#01691
The Sweet Mossy Banks Of The Wey (Peacock)
See also: The Green Mossy Banks Of The Lea
(Kenneth Peacock)

I first took a trip to old England,
To view the fair flowers that did shine,
I met a young girl from the city
And I wished in my heart she were mine.

I boldly stepped right up to her,
Those words to her I did say:
"Kind girl, do you need any guardian
On the sweet mossy banks of the Wey?"

"Kind sir, I don't need a guardian,
Besides, you're a stranger to me,
My father's down yonder a-coming
On the sweet mossy banks of the Wey."

Her father soon came up beside us,
I plucked up my spirit once more,
"Kind sir, if this is your daughter
She's the beautiful girl I adore.

"Ten thousand pounds will be her portion,
A lady your daughter will be,
Have horses and carriages to ride in
On the sweet mossy banks of the Wey."

He took her right home to his cottage
And soon in wedlock was tied,
You can see how a miracle stranger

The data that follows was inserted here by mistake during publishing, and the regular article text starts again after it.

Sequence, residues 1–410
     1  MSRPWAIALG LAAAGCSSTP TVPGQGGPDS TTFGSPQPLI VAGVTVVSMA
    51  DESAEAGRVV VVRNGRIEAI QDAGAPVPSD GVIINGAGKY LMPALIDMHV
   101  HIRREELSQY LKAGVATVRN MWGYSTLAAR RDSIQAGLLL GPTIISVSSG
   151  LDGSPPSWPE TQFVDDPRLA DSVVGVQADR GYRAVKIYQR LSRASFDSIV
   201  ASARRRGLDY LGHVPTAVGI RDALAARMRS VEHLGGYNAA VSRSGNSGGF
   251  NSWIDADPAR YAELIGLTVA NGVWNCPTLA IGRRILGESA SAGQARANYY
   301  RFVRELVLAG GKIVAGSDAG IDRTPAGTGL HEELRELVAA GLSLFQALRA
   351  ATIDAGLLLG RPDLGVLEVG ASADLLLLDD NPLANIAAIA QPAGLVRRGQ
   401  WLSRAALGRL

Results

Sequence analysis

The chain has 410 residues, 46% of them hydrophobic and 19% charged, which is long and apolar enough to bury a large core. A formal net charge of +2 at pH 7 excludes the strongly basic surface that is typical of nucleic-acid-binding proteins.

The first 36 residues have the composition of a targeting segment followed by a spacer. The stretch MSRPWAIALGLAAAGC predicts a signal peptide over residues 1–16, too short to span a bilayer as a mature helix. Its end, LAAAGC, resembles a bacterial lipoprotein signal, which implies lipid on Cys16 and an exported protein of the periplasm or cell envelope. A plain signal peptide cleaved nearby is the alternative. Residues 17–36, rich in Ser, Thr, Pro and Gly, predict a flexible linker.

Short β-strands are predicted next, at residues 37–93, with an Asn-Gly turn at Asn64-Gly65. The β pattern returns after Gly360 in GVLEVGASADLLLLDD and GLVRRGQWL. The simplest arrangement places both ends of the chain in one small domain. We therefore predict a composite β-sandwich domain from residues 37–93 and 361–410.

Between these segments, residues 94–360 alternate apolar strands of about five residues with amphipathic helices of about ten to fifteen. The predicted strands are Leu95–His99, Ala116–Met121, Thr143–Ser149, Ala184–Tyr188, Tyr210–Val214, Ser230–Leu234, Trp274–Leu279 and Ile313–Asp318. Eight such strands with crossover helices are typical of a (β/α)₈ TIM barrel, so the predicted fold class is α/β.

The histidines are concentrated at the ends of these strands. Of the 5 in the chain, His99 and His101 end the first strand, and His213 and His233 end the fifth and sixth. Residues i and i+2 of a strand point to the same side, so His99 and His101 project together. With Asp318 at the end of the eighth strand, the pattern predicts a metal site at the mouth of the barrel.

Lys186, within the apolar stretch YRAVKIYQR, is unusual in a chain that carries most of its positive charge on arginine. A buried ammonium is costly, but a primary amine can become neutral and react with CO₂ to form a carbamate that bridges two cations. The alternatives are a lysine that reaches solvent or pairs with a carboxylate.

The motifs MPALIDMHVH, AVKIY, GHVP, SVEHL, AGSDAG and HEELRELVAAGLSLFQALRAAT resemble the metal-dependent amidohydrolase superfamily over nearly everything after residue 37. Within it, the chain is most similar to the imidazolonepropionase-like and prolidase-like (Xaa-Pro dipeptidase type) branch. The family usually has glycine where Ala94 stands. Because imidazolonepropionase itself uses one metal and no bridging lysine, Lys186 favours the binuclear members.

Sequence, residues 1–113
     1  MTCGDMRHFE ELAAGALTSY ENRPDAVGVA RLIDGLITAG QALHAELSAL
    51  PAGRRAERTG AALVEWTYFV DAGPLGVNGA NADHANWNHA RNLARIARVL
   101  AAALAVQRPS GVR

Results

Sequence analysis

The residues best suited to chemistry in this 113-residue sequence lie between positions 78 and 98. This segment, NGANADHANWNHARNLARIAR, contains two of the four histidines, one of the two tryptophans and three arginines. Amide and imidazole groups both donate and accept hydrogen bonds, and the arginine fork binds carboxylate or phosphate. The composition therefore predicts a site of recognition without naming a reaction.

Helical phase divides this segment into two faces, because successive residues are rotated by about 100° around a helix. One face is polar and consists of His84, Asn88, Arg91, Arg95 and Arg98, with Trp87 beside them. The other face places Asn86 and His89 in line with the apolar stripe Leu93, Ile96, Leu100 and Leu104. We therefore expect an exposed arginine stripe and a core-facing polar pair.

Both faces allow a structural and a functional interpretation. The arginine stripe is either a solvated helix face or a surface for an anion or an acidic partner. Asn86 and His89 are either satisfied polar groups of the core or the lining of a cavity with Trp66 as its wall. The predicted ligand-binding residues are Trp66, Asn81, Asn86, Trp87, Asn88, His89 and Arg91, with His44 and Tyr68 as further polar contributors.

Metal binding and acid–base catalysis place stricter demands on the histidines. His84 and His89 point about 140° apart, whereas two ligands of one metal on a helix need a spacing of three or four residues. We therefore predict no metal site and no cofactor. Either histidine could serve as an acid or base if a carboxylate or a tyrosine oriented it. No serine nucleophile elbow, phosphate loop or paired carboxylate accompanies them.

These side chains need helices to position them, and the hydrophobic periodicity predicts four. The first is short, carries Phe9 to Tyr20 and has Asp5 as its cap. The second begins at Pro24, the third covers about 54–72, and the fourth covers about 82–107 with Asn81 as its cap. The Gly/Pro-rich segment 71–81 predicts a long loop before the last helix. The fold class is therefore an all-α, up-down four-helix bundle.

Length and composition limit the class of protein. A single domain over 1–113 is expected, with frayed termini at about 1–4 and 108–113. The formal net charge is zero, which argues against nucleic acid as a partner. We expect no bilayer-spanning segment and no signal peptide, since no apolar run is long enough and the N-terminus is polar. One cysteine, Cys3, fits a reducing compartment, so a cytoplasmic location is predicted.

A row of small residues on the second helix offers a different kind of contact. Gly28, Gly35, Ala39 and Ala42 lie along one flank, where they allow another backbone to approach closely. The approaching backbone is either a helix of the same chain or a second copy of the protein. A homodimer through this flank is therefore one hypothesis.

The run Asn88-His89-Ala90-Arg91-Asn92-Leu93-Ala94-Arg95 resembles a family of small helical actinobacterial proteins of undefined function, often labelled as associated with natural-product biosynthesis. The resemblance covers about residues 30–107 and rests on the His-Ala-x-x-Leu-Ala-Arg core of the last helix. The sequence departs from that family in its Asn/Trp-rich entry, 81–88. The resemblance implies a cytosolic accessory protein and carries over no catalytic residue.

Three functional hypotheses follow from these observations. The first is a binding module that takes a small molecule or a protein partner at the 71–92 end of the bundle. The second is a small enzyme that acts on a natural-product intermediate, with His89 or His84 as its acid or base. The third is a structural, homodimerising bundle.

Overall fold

Lives so happy with his little bride.

####.... Variant of a 19th-century British broadside ballad [Laws O15] American Balladry From British Broadsides (G Malcolm Laws, 1957). Also a variant of a British broadside ballad, The Green Mossy Banks Of The Lea, published by G Walker (Durham) sometime between 1797 and 1834, and archived at the Bodleian Library Broadside Ballads, shelfmark: Firth b.26(498) ....####

Collected by Kenneth Peacock in 1960 from James (Jim) M Keeping [ca.1910-?] of Burnt Islands, NL, and published in Songs Of The Newfoundland Outports, Volume 2, p.600, by the National Museum of Canada (1965) Crown Copyrights Reserved.

A different variant was collected by Kenneth Peacock in 1951 from Patrick (Pat) Maloney [ca.1918-?] of King's Cove NL, and published as The Green Mossy Banks Of The Lea in Songs Of The Newfoundland Outports, Volume 2, pp.523-524, by the National Museum of Canada (1965) Crown Copyrights Reserved.


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